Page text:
Lu Ming, Professor, Antai College of Economics and Management, Shanghai Jiao Tong University
A version of this article was originally published in the Business Standard as ‘Towards sustainable urbanisation in China’, 6 May 2017. This is part of a series by Chinese economists facilitated by the ICS.
China has received enormous dividends from its decades of urbanization, which provided labour resources for the development of its industrial and service sectors and rapidly raised the income of the Chinese people. A large number of Chinese farmers became part of the country’s modernization process, allowing for poverty alleviation in rural areas. At the end of 2016, the urbanization rate of China stood at around 57%
China however, continues to face serious impediments in the urbanization process.
One of these is China’s household registration system or the hukou, which connects a person’s right to access public services with whether or not he has a resident status in a locality. The reality is that some one-third of city dwellers in China are trans-regional immigrants who actually do not possess local household registration. As a result, they do not enjoy the same level of social security and public services as local urban residents.
This is a particularly serious social problem for China. One major consequence of linking the hukou to public service is that there exists 60 million liushou ertong or children left behind by their migrant parents in their home villages in China. These children are more or less left to fend for themselves and meet their parents only sporadically over a year. At the same time, there are about 30 million migrant children in China’s cities who also do not enjoy the same education opportunities as local urban children with the hukou.
The difficulties of educating these 100 million children, is a chronic malady of the urbanization process in China today. If not addressed, this problem poses a great threat to the healthy and sustainable development of China’s economy in the future.
China’s system of land allocation is another big barrier to the urbanization process. The government controls the quantity of agricultural land that can be converted to urban land under a ‘construction land index system’. As a result, the supply of newly added land is very limited and in cities such as Shanghai and Beijing, house prices are extremely high.
At the same time, the government provides greater allocations under the construction land index to those areas which see a large population outflow so as to help them develop local industries and build up new cities. While the intention is to retain the population, in reality, a large number of industrial parks are idle and new cities remain empty.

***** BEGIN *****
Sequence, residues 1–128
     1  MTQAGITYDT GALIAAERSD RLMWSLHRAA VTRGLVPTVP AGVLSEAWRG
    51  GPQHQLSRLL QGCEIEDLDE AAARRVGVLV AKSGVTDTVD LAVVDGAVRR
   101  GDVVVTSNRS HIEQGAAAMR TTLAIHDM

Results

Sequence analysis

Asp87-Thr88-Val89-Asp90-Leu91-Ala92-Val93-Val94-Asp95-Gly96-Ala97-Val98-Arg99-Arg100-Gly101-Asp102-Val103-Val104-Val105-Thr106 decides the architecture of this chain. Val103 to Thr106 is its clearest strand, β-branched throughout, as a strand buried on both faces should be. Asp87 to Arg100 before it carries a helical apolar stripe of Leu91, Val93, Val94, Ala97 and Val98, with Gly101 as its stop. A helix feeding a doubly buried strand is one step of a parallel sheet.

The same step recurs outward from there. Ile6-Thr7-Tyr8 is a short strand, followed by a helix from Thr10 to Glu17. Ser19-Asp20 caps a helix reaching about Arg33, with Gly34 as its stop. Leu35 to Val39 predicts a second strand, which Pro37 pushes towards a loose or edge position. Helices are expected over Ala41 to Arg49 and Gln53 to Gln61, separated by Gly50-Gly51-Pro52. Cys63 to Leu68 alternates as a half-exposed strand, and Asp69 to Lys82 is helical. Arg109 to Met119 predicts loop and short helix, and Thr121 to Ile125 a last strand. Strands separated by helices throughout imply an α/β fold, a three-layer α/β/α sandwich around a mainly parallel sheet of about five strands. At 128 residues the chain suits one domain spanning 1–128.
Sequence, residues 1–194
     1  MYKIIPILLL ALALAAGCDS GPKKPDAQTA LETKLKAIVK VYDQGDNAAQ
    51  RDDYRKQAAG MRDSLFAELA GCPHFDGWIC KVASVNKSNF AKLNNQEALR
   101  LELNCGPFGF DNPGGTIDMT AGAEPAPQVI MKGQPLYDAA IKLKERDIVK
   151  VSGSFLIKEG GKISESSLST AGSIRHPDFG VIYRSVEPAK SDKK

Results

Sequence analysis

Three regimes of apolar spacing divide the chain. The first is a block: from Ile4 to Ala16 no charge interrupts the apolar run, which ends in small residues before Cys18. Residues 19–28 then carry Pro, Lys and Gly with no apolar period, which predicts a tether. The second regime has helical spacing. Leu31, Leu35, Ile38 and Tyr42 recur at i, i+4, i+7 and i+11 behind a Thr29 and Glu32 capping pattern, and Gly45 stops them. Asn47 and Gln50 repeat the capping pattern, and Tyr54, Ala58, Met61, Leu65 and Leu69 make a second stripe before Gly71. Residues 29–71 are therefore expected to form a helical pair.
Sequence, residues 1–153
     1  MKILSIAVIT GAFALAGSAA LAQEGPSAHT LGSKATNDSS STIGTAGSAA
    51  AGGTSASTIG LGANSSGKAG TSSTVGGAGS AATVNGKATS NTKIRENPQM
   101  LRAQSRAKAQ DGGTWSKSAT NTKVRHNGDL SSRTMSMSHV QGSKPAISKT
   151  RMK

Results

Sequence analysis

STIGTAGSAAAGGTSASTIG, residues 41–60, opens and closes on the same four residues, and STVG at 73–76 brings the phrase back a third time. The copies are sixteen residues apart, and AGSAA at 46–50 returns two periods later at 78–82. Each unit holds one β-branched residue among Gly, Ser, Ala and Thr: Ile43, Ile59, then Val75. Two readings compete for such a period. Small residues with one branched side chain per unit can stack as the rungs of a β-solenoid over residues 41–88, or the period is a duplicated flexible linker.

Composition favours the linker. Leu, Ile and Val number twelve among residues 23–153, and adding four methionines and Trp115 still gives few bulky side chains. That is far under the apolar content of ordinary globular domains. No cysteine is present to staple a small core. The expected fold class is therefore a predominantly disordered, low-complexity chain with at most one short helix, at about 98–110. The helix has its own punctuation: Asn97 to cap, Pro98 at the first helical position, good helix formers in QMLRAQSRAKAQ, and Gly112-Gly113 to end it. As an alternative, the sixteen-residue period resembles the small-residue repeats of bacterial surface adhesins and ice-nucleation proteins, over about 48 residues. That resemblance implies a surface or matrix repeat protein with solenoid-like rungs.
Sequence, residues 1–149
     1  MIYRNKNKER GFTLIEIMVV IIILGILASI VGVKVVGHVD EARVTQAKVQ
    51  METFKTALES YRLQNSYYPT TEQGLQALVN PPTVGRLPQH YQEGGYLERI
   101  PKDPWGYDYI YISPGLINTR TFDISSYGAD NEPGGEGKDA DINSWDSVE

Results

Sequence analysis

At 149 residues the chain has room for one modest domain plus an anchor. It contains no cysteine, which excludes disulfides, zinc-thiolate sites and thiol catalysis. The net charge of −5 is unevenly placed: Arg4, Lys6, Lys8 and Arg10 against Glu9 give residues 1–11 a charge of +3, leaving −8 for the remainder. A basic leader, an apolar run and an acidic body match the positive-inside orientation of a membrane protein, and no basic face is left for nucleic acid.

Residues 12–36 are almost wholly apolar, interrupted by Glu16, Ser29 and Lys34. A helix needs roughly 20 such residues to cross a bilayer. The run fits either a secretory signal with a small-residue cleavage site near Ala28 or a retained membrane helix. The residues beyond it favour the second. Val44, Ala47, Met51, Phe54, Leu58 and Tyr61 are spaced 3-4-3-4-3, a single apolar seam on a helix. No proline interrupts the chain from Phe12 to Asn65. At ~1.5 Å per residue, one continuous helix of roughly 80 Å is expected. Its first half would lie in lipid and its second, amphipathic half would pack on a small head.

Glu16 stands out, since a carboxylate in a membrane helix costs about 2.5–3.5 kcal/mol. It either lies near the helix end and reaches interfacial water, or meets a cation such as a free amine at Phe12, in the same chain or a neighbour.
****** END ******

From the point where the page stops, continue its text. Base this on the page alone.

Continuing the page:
These problems are closely related to two popular but erroneous ideas in China. The first is that the population in Beijing and Shanghai is too high while the other is that it is the concentration of economic development only in the coastal areas and super large cities that leads to unequal economic development between regions.
In reality however, Beijing and Shanghai are more than just cities – they are metropolitan areas composed of a number of cities around the central city. They have an area of approximately 16,000 square kilometers and 6,000 square kilometers, respectively and can be compared to the Tokyo metropolitan area. However, while the latter has a population of 37 million plus, at the end of 2015, the population of Beijing and Shanghai stood considerably lower at 21.75 million and 24.15 million respectively. Even including the small cities nearby, Beijing and Shanghai lag behind Tokyo.
Meanwhile, in terms of regional imbalance, the problem is not overcentralization of economic activity. There is, in fact, a lot of evidence to prove that China’s economic agglomeration is far lower than that of developed countries and lower than some developing countries at a similar stage of development. The real problem is that the distribution of the concentration of the population is not in tandem with the economy’s requirements leading to the widening gap in the per capita GDP of different regions.
The solution to the problem is not to seeking greater evenness in regional economic distribution but to let the population move still more freely. This would allow each region’s GDP to accord more naturally with whatever its share of the population is.
In practice, however, China’s household registration system and discriminatory public services system have become ways to limit population in the mega cities. The government also uses administrative power to transfer resources to the less developed regions in order to balance regional development. After 2003, the land supply to the in-flow areas was tight while there was land supply was eased in the out-flow areas. As a result, the house prices in some first-tier cities reached astonishingly high levels while a large number of third- and fourth-tier cities have turned into ghost cities.
The Chinese government purports to respect the laws of urban development, but Chinese society itself is not educated about the laws of urban development. Only by realizing the prevailing laws of urbanization – that the rate of urbanization will constantly move upward and that the population will naturally concentrate in big cities – can resource allocation during urbanization adhere to market principles. The Chinese government needs to increase the supply of land, and public services and infrastructure availability to all residents in in-flow areas so as to ensure that China’s urbanization will be follow a healthy and sustainable trend in the future.